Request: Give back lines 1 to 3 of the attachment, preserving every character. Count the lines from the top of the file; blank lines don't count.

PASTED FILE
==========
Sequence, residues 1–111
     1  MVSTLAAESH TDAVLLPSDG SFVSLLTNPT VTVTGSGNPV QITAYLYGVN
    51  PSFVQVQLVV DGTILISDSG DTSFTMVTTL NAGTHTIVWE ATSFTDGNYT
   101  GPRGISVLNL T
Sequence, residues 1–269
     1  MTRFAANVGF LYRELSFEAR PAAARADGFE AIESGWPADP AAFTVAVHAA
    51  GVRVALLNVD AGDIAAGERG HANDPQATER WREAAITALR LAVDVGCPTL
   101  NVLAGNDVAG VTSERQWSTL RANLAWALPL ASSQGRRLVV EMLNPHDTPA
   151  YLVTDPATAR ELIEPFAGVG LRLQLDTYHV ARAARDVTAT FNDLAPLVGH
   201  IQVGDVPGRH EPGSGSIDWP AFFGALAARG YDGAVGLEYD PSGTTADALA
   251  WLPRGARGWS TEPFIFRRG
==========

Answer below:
Sequence, residues 1–111
     1  MVSTLAAESH TDAVLLPSDG SFVSLLTNPT VTVTGSGNPV QITAYLYGVN
    51  PSFVQVQLVV DGTILISDSG DTSFTMVTTL NAGTHTIVWE ATSFTDGNYT